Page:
Merck & Co. reported a 1 percent rise in quarterly revenue, driven by higher sales of its cancer drug, Keytruda. » Read More
For Cephalon, a company in Frazer, Pa., whose business tactics have attracted federal attention, the approval for jet lag is part of a plan to extend patent protection for its core franchise in stay-awake drugs.
GlaxoSmithKline is getting into the movie business, pursuing an unusual and most likely controversial strategy to increase interest in a weight-loss drug. The New York Times reports.
No one in their right mind, especially in this economy, likes to see someone lose their job. (Well, unless you really can't stand the person.) But, on the other hand, when you hear the top exec of the world's biggest drug company talk candidly about how much fat there was (is?) at Pfizer, can you really blame him for swinging the ax?
Talk about a blow to the ego. The shares may have since succumbed to the downdraft in the overall stock market, but when trading opened this morning Biogen Idec shot up around two percent. Investors were reacting to the news that the company's longtime CEO, Jim Mullen, is calling it quits.
Time magazine's Man of the Year Ben Bernanke gave a speech this past weekend, and at first I thought he was defending the excessively loose monetary policy that led to the recent crisis.
Well, that didn't take long. It's only the first business day of the new year and big pharma's already gettin' down to business. Novartis is buying the rest of its Swiss neighbor Alcon for a cool $38.5 billion.
Usually I wouldn’t devote a blog to a biotech with a market value of approximately $86 million. But when your personal story goes Hollywood—as in mega-watt stars like Harrison Ford and Brendan Fraser playing the lead roles in the movie—then you get a blog.
Markets held gains on Tuesday after reports showed US home prices stabilized and consumer confidence improved. What should investors expect in the New Year and how should they be positioned? Tobias Levkovich, chief U.S. equity strategist at Citigroup, shared his strategies.
When I blogged last week about GlaxoSmithKline using the word “suck” in its new Nicorette ad campaign I thought it would be a one and done thing.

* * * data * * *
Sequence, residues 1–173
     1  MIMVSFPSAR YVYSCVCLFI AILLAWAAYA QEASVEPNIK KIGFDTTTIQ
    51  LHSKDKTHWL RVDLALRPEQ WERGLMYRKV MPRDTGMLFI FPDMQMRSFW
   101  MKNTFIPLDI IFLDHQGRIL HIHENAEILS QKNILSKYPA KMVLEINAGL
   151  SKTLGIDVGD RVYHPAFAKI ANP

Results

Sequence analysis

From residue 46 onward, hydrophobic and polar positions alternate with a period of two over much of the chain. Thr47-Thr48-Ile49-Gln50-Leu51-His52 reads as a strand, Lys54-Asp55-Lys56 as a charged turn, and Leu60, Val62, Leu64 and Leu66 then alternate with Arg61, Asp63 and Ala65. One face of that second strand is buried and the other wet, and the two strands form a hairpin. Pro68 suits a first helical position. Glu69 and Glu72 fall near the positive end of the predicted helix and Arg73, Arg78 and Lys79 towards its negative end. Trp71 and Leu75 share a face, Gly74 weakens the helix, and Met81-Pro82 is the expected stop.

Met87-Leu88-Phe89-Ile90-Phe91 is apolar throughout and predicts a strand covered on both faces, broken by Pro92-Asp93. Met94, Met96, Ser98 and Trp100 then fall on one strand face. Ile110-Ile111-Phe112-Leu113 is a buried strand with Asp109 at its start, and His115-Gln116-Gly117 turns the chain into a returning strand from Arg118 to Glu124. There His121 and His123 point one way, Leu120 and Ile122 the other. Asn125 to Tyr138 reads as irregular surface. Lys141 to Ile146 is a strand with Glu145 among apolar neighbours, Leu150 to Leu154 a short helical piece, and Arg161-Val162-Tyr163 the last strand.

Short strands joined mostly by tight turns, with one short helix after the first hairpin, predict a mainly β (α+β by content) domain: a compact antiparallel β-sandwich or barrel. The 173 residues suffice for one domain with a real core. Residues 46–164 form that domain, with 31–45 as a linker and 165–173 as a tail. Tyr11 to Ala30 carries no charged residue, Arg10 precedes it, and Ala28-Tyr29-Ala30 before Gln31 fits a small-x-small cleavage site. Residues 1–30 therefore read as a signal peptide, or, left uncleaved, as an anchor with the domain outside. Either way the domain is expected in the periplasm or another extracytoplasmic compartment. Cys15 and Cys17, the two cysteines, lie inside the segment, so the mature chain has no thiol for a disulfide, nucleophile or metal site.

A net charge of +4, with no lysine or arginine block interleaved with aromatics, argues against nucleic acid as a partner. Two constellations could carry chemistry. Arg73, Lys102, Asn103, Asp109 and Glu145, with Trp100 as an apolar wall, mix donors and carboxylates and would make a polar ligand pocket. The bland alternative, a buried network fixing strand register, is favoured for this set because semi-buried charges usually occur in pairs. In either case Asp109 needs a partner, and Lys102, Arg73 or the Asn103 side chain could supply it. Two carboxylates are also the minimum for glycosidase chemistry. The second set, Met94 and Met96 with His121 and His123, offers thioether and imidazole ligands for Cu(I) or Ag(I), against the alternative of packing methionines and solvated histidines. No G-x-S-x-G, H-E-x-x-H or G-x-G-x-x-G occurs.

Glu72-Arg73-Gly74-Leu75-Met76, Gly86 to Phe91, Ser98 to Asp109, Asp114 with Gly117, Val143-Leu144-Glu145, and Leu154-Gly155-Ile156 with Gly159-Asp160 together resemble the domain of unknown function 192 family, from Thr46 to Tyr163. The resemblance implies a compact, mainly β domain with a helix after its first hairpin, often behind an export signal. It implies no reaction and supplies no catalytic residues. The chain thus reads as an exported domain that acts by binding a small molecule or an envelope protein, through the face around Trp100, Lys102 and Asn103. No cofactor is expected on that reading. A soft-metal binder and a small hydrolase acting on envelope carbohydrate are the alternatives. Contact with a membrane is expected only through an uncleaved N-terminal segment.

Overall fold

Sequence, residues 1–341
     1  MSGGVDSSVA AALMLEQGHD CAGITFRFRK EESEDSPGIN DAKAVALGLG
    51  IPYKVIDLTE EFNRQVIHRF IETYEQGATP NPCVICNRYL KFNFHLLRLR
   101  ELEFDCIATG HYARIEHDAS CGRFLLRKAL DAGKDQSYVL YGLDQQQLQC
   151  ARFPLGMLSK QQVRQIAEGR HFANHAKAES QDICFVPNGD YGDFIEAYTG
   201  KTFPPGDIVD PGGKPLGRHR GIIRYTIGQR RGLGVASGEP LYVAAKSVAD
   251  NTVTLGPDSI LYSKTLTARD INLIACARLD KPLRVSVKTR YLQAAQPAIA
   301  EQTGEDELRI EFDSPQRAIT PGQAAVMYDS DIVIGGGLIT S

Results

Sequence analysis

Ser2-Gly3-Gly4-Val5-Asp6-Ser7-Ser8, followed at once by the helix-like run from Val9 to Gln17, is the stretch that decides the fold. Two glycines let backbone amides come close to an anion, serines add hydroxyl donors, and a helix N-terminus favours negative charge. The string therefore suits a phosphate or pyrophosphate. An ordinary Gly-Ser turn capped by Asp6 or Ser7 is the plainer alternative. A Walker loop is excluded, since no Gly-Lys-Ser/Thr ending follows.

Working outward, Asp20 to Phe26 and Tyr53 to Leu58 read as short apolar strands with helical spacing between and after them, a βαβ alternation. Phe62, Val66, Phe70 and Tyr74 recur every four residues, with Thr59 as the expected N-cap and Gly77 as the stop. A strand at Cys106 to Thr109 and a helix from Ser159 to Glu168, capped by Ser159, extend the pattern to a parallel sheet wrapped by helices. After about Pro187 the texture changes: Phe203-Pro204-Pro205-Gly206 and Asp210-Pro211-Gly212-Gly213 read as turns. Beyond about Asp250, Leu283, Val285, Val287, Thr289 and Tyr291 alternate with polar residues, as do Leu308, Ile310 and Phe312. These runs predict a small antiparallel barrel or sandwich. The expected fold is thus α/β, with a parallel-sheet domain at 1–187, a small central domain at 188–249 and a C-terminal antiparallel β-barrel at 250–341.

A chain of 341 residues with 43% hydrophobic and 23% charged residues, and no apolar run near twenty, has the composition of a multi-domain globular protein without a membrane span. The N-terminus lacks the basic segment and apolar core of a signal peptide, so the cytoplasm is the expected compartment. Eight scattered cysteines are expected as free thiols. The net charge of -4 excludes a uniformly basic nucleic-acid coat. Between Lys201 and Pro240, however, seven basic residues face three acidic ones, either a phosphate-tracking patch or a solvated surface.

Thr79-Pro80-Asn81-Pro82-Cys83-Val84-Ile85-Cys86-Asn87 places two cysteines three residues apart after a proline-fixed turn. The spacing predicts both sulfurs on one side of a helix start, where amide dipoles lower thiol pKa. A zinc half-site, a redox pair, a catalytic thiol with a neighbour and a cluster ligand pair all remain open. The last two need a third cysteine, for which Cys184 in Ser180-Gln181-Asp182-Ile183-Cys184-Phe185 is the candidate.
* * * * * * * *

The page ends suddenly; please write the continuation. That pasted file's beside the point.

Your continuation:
Stocks closed higher as a holiday rally got a further push from big technology, banks and commodities, though most investors took Christmas Eve off.
Futures mostly shrugged off news that weekly unemployment claims hit their lowest level in 15 months, but stocks were still poised for a gain in a holiday-shortened session Thursday.
Plus, get calls on the BlackBerry outage, pharma, dividends and more.
I can’t wait until this drug rises to the level where it gets on Joe Kernen’s radar screen because, boy, is he gonna have a good time (not just with the drug perhaps, but mostly with talking on TV about it.) A little TMI, I know, but that’s Joe.
It's New Year's resolution time, so it's no surprise to see a sudden increase in commercials and ads for stop-smoking products. Pfizer's been heavily pushing its challenged Chantix and the other day I saw a commercial for GlaxoSmithKline's Nicorette that nearly made my jaw drop.
As senators made their way to Capitol Hill this weekend, a confluence of meteorological conditions conspired to dump nearly two feet of snow on Washington, DC. Unlike the decisions being made under the Capitol dome, we’ll soon dig ourselves out from the mountains of snow.
Australian vaccine maker CSL said on Monday its pandemic H1N1 swine flu vaccine delivered a strong immune response after just one dose in children as young as 6 months
This morning biopharma P & A reached critical mass. In a rare, holiday-week confluence, four major pharmaceutical companies announced partnership deals and one announced a nearly $2-billion acquisition. All of the partnerships are on drugs that are still in the testing stage. If they were to all come to fruition, which in the risky business of drug development is highly unlikely, the new partnerships could collectively be worth billions of dollars over time.
If you have had the misfortune to follow this debate as it grinds through the Senate, several thoughts come to mind.
There is nothing in this bill that changes our views at Soleil regarding the health care stocks we have been recommending.
We are almost halfway through the dollar rally, Robin Griffiths from Cazenove Capital said Monday. Griffiths sees stock markets "topping" in March next year.